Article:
Hello again 🙂
I’m excited to announce that I’m now ready to start editing the first draft of Mist Rock. I took the last two months away from it, focusing on other projects and reading some advice on how to go about the process. I’ll be sharing some of the 2nd draft with you here, asking for feedback on plot, characters etc. Until then though, I’ve decided to post one last excerpt from Draft 1, which is actually the novel opener! Here we follow Queen Farelia atop a lonely mountain in the snow.
Lots of work to be done yet, but am looking forward to more adventures. Hope you enjoy and feel free to provide any feedback 🙂
Farelia sat at her bedside and watched the red curtain ripple. Thin as a dying breath, the silk sheet trembled, slithered, helpless against the hard winter wind. It was all that stood between her and the mountain cold. She sighed, puffing the sharp air from her chest so that it made a small cloud in front of her face. The room around her was filled with low-burning candles; uncertain as her heart they flickered, casting wavy light over walls, a chair, a desk and a single page resting upon it. She slid the paper into her hands as a gust whipped the red curtain back, revealed the world she was hiding from. Wringing her hands tight on her dress, she peered into the depths of the fortress courtyard.
Night had descended on the Arakil Mountains hours before, a shadow that swift swallowed everything. Outside in the yard it was empty-street black, quiet as a huddled walk home.
A dark that things go hunting in. Go missing in.
She looked down at the page gripped in her pale fingers. It was fine paper-not something found beyond her palace, and noticeably difficult to tear. But most importantly it was empty. She pulled a stoppered vial from the folds of her cloak but then a dull knock came at the door, breaking the unmarked silence. It was a hollow sound, a brief reminder of the world outside-what a prisoner might call music.
And isn’t that what I am, after all?
Farelia crossed the room, paused and rested a thoughtful finger on the handle. As usual, her father’s words were in her ear.
Hesitation is a coin toss between wisdom and fear.
“Who is it?” she called out, her voice frail on the chill mountain air.
For a second, nothing, and at her neck the same familiar warmth. Then, as she considered how fast she could run barefoot through snow, the reply sank through the wood. As expected, it was a male voice.
“It’s your cup-bearer, Your Grace,” he said. Another pause. “I couldn’t find olives or cheese,” he added.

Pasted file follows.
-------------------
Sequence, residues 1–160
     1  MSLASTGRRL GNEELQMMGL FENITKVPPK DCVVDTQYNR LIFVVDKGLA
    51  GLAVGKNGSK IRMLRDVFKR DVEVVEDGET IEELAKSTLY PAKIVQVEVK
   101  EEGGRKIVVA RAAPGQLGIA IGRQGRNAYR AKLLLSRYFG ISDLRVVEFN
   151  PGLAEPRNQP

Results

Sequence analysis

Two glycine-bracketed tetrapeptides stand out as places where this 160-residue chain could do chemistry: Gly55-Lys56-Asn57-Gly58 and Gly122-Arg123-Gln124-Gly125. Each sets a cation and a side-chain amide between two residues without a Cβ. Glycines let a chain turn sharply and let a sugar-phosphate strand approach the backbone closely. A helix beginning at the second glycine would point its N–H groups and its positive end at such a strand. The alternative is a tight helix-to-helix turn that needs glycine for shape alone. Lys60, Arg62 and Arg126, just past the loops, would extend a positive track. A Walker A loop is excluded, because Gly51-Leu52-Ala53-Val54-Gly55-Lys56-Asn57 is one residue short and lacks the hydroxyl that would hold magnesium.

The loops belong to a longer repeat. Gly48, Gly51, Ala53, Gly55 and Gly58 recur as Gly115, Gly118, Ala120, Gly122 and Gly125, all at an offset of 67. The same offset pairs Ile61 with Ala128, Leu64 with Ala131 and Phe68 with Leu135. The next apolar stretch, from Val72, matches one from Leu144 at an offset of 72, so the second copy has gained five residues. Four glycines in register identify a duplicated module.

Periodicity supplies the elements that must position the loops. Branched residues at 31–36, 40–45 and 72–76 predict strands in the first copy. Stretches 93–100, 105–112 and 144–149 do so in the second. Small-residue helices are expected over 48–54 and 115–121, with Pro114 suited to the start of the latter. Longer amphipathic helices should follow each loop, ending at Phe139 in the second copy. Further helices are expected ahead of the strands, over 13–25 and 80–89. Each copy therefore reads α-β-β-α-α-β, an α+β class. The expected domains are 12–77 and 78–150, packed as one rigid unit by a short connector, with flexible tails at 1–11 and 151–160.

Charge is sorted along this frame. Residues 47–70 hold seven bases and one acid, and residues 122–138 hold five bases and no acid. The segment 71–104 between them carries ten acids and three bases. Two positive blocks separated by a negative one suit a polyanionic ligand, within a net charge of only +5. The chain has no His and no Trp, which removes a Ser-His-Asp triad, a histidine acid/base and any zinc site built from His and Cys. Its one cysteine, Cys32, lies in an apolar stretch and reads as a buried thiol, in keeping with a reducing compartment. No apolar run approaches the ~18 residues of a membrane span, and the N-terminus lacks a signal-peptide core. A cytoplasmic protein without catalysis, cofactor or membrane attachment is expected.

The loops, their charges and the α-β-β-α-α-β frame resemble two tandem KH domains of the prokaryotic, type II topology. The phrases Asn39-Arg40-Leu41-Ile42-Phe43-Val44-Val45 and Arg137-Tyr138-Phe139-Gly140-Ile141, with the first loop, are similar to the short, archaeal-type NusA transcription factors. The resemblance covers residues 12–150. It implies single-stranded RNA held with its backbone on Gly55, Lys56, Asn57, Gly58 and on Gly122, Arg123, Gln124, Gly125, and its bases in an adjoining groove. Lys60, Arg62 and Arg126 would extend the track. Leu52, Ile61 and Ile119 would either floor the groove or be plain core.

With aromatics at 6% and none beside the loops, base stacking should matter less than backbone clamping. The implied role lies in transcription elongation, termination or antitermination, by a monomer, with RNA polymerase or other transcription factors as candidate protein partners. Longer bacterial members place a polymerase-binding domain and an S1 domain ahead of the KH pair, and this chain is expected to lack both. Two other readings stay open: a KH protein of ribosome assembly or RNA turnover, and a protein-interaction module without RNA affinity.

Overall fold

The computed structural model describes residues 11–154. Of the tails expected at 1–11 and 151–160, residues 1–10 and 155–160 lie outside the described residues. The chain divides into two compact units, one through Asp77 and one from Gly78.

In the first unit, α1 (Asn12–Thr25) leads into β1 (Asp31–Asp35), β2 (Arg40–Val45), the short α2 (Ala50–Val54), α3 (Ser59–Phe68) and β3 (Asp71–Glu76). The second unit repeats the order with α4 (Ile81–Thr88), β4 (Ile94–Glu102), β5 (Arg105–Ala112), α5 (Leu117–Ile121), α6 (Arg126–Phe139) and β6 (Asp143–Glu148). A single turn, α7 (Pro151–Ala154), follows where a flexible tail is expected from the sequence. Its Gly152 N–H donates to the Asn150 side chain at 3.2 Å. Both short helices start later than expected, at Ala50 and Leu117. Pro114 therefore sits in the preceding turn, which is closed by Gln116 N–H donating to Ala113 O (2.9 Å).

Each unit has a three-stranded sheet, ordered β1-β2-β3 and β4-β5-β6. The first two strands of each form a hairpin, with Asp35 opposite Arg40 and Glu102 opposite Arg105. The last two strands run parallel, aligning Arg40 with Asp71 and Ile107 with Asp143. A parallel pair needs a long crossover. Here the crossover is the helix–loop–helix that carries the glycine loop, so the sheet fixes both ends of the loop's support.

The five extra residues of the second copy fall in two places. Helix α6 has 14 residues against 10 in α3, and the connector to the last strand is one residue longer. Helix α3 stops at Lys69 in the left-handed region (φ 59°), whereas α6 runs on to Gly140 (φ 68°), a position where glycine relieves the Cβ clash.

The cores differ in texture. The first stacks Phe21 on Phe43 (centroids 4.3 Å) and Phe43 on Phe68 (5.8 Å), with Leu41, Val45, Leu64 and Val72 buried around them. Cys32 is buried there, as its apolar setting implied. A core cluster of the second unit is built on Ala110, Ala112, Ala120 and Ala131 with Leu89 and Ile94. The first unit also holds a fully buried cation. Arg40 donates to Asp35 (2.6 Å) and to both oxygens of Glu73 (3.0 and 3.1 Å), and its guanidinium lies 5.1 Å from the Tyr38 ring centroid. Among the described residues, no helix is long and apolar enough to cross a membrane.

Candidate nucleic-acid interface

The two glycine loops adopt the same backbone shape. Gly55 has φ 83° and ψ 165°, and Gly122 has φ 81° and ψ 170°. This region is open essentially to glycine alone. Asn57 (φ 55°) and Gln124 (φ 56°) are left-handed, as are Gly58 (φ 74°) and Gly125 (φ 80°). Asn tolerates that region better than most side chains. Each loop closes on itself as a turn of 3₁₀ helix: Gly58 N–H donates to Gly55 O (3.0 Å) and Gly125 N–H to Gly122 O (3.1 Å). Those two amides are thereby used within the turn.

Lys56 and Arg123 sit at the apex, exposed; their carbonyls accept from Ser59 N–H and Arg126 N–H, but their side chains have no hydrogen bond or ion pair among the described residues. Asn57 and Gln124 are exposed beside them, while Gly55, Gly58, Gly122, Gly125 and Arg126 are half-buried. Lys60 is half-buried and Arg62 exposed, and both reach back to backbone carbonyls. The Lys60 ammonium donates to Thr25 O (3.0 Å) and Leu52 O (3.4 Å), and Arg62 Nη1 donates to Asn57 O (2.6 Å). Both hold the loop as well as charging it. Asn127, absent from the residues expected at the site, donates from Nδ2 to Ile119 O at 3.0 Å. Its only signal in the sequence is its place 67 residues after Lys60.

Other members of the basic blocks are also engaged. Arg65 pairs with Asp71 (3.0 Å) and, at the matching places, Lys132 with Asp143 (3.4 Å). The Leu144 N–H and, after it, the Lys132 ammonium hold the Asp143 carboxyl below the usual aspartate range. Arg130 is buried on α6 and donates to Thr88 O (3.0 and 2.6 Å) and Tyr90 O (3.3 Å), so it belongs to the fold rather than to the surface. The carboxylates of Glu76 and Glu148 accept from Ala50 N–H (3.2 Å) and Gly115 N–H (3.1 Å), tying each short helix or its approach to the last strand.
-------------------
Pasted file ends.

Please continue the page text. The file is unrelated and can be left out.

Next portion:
She grinned. He never could’ve, of course, because it was only a safe-word for the door. She composed herself quickly and pulled firm on the handle.
On the threshold, a young guard struggled with a tray. A single chalice gleamed as it sat on it, a small meal of figs and honeyed bread arranged like a garden around it. The guard bowed his head so his eyes didn’t meet hers. Orange light washed over the folds of his armour, his clean-shaven face peeking out from beneath his helm. His smile was forced.
“Come in,” she said, gesturing with a soft sweep of her hand. “You can set that down on the table.”
The man bobbed his head and entered, keeping the distance between them as he stepped around her in a circle. She shook her head, laughed quietly as he passed and closed out the door behind him.
“Your report?” she said absent-mindedly as the guard edged the tray onto the table.
The young man turned, his head still sunk into his shoulders. “Nothing amiss on the walls, Your Grace. The watch has been doubled as you requested.” His foot made a slow circle on the floor. “I also did as asked, Your Grace.”
Farelia’s heart hit the wall of her chest. She had been so focused on her work that she’d almost forgotten. “Two different ravens?” she said in a whisper, eyeing the courtyard outside.
The guard’s hands fell to his sides. “Yes, Your Grace.”
At Farelia’s feet, the wind snuffed out one of her candles; forgetting herself, she cursed. She stooped, brought it back to life with a taper, stealing from another flame. A moment later two more of the little lights went out. This time, she swallowed her frustration.
I can’t keep you alive if you’re going to call on me all at once.
“Where did they fly?” she asked as she worked to restore the flames. Out of the corner of her eye, she saw the young guard clear his throat.
“One flew south, Your Grace. Down towards the woodlands and the great forests beyond. The other bird flew east, through valleys. I saw it last over water.”
She breathed relief. Hope. Hope that I’ve sent on wings.
I realise it’s very cagey yet but that’s what first drafts are all about! As a note, if I could recommend a book highly, it would be Self-Editing for Fiction Writers: How to Edit Yourself Into Print.
It’s available over here on Amazon and has given me such great tips ahead of the big edit.
More content to follow soon 🙂